If you have a dollar account with the broker containing USD cash it would be more sensible to buy the dollar one so your broker doesn't charge you an FX loading commission on the purchase; and similarly if you have a GBP account (such as an ISA, which can't hold foreign currency cash) it would be more sensible to use the GBP one.

    However, it might be that the USD one is more popular and liquid so it is practically easier and more efficient to use the USD one due to lack of availability of the GBP instrument when you get a price quote to buy or sell. With IG the fx loading they charge is only 0.3% anyway. Both pricing versions still physically pay their dividends in USD and if you have an ISA account that USD income will have to be converted to sterling by the receiving broker anyway due to HMRC rules, you can't do anything about that bit.

    I wonder what the long term implications of being invested in different currencies in the same fund would be.
    You are not really 'invested in' different currencies - even if you subscribe to a new issue of shares, when Vanguard receive the money they convert it if necessary into the currency they need and deploy it into the exact same assets such as Samsung or Tencent shares or whatever - with Vanguard's buying power having millions of currency to change at once, the transaction would be pretty close to spot rate. So, not too much of a drag from using GBP version over the more 'pure' USD version ; USD is only an accounting currency anyway, because the Samsung shares are bought in Korean Won and the Tencent shares are bought in Hong Kong Dollars. If the GBP share class is unpopular and illiquid then there could be a greater spread between the bid and offer prices than on the dollar version's share prices, giving an inherent extra 'cost' of using that GBP class.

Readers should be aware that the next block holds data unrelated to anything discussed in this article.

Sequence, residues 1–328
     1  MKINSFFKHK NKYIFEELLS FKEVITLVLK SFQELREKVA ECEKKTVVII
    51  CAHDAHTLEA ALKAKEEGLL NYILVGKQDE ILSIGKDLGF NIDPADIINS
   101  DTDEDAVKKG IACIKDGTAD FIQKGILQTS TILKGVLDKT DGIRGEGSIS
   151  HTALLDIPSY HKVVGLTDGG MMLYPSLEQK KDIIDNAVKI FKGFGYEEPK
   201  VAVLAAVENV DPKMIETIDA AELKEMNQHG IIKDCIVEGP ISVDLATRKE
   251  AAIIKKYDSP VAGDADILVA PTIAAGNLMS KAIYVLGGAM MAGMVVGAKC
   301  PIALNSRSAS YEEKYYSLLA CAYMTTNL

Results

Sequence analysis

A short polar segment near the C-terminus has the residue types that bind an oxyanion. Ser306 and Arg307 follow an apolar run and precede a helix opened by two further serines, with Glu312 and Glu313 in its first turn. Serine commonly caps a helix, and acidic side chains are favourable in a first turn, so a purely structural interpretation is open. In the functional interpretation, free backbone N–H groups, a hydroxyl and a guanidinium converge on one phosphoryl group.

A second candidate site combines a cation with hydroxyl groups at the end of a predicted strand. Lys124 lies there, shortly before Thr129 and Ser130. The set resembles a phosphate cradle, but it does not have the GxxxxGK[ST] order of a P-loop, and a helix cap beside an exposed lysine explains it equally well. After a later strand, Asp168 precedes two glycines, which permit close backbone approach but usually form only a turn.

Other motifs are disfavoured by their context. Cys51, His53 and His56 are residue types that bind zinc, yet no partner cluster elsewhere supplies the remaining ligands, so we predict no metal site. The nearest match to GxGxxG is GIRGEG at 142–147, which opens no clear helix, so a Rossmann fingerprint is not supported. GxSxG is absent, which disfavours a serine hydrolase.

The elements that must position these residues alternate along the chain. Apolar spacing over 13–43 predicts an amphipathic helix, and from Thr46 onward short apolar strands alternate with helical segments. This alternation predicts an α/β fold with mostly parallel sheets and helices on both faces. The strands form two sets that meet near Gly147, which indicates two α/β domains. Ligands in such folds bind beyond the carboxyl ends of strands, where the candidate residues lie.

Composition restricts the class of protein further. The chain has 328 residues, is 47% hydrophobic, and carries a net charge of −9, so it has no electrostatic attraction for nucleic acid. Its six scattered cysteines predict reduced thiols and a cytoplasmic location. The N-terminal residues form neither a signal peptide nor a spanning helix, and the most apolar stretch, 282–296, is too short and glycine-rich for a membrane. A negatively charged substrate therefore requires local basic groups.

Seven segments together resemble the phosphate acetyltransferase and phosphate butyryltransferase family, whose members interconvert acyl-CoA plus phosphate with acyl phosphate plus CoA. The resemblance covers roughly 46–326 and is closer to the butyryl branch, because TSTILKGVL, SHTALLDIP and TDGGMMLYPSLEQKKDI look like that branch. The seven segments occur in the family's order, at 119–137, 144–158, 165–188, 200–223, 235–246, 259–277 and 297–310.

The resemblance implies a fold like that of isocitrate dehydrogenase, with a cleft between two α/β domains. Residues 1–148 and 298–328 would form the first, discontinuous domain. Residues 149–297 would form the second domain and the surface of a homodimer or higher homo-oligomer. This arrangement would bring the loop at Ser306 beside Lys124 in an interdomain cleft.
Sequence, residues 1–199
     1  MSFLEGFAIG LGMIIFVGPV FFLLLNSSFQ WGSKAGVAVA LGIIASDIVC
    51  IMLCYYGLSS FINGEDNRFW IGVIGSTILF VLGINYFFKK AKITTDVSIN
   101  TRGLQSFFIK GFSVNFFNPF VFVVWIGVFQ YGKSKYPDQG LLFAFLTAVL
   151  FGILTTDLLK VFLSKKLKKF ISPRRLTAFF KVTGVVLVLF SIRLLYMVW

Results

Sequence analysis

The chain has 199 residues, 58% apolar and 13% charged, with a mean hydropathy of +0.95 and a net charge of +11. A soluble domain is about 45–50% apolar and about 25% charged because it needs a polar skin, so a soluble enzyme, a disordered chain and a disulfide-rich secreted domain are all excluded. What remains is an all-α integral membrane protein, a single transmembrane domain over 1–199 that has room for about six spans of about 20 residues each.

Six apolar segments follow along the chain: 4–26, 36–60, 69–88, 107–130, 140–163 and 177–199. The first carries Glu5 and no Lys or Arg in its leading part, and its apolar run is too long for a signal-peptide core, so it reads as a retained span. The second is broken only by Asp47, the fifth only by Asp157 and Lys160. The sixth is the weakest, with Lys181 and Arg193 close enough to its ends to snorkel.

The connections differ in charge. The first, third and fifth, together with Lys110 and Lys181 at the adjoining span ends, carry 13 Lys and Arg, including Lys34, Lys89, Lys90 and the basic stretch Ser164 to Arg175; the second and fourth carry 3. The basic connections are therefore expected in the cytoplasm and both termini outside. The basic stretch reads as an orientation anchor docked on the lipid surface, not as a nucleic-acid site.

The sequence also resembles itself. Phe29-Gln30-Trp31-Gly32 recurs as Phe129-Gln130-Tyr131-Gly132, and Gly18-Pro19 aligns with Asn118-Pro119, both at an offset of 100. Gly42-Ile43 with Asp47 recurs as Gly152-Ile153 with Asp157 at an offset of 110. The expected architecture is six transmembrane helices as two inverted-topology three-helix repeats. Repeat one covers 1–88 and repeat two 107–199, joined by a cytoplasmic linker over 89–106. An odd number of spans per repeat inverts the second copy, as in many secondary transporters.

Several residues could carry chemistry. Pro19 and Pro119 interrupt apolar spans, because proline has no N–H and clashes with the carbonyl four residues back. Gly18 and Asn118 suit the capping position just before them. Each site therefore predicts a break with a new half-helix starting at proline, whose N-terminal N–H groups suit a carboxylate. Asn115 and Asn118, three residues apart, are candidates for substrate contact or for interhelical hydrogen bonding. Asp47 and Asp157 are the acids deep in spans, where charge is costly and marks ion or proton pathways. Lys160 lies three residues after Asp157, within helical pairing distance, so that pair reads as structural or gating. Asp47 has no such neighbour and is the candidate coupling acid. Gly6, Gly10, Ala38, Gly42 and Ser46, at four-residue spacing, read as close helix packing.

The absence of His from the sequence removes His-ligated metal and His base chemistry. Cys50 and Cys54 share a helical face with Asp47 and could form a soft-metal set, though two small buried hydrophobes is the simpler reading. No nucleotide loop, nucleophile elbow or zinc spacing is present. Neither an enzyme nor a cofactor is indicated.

Last edited by bowlhead99; 01-12-2017 at 7:30 AM.
    • Economic
    • By Economic 1st Dec 17, 9:06 AM
    • 152 Posts
    • 107 Thanks
    Economic
    • #5
    • 1st Dec 17, 9:06 AM
    • #5
    • 1st Dec 17, 9:06 AM
    Hi

    I have recently made the transfer out from TD to IG platform.

    I noticed that 2 of my ETFs were transferred to the wrong ETF.
    VAPX was transferred as VDPX fund (USD denominated)
    VUSA was transferred as VUSD fund (USD denonimated)

    A quick search reveals that they are both still London Stock Exchange listed. But given that I wanting to avoid potential FX fees, I am looking to correct this mistake.

    Is this quite a common error or is it routinely transferred this way?
    Originally posted by darkidoe
    Why don't you contact IG and tell them that they are the wrong ETF?
    • dunstonh
    • By dunstonh 1st Dec 17, 12:57 PM
    • 89,941 Posts
    • 56,636 Thanks
    dunstonh
    • #6
    • 1st Dec 17, 12:57 PM
    • #6
    • 1st Dec 17, 12:57 PM
    Has the re-registration actually happened yet?

    It may be that the new platform is showing you the values of what they think they are getting re-registered to them. When the re-registration actually happens (which can be 1 week to 6 months in timescale) the data is updated with what they actually are.
    I am an Independent Financial Adviser (IFA). Comments are for discussion purposes only. They are not financial advice. Different people have different needs and what is right for one person may not be for another. If you feel an area discussed may be relevant to you, then please seek advice from an Independent Financial Adviser local to you.
    • darkidoe
    • By darkidoe 2nd Dec 17, 12:16 AM
    • 896 Posts
    • 1,022 Thanks
    darkidoe
    • #7
    • 2nd Dec 17, 12:16 AM
    • #7
    • 2nd Dec 17, 12:16 AM
    Thanks for the replies. Very well explained Bowlhead!

    Yes I have emailed IG regarding this, waiting to hear back.

    Not quite sure how I can figure out if the re-registration has happened or not other than looking up my portfolio shown online on the platform.

    Save 12K in 2017 # 9 £11,119.65/15 000 (74%)
    Save 12K in 2016 # 8 £19 721.58/12 000 (164.35%) Achieved!